Molecular Techniques and Methods

Degassing Water, Buffers, and Solvent

Copy Right © 2001/ Institute of Molecular Development LLC


Dissolved air is present in water, aqueous buffers, and solvents. This air will "out gas" during a gradient, leading to bubble formation which may accumulate in the flow cell. Air bubbles in the flow cell can be eliminated with a backpressure regulator set at 20 to 60 psi. Air bubbles can also be a problem for check valves.


Trapped Vacuum Pump or Lyophilizer

4-liter Erlenmeyer Filtration Flasks

Rubber Stoppers (sizes 12 and 13)

Rubber Hose to connect flask to trapped vacuum pump

Borosilicate Glass Filter Holder, 47-mm dia. with removable stainless-steel support screen

Nylon-66 Membrane Filters, 0.45-um pore size, 47-mm dia.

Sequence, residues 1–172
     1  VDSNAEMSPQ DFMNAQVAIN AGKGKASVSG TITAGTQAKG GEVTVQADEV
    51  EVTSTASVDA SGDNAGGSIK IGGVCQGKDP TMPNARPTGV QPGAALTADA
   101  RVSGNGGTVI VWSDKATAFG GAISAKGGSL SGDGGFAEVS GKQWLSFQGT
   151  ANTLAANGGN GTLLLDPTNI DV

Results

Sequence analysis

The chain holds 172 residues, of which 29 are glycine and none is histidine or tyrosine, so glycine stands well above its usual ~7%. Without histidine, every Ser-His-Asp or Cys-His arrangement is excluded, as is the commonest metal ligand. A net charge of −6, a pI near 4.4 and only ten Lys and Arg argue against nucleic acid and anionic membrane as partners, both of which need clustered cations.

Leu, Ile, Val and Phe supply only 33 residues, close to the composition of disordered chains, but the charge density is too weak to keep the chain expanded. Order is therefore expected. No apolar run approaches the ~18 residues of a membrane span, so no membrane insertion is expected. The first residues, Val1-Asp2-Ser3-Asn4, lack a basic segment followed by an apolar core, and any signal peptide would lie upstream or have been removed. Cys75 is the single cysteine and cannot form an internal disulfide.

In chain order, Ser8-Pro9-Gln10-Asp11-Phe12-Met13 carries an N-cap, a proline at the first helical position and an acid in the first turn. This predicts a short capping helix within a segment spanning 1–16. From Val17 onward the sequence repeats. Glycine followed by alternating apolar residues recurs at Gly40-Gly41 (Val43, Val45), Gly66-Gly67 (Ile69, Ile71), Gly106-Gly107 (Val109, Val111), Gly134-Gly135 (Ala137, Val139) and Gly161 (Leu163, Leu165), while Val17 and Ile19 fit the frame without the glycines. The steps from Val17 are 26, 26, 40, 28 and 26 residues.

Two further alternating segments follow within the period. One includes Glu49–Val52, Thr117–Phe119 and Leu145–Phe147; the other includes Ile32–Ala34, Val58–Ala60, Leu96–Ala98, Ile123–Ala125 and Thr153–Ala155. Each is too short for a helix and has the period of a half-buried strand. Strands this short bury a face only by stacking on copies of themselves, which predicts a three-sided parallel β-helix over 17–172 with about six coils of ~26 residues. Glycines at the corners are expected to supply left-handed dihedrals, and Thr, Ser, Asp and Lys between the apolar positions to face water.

1. Water (< 2 liters) can be degassed in a rubber-stoppered, 4-liter Erlenmeyer filtration flask by evacuation with a trapped vacuum pump. After the bubbling ceases, the water is degassed. Volatile buffers should be added after degassing. Any solution containing nonvolatile buffer salts should be filtered through a 0.45-um nylon filter into the flask and then degassed. Filter buffer concentrate (1 M solution) and then add to degassed water. Solvents should be degassed only briefly to avoid collecting solvent in vacuum pump.

2. Alternatively, the buffers can be sparged with helium (He) gas to displace air gasses.

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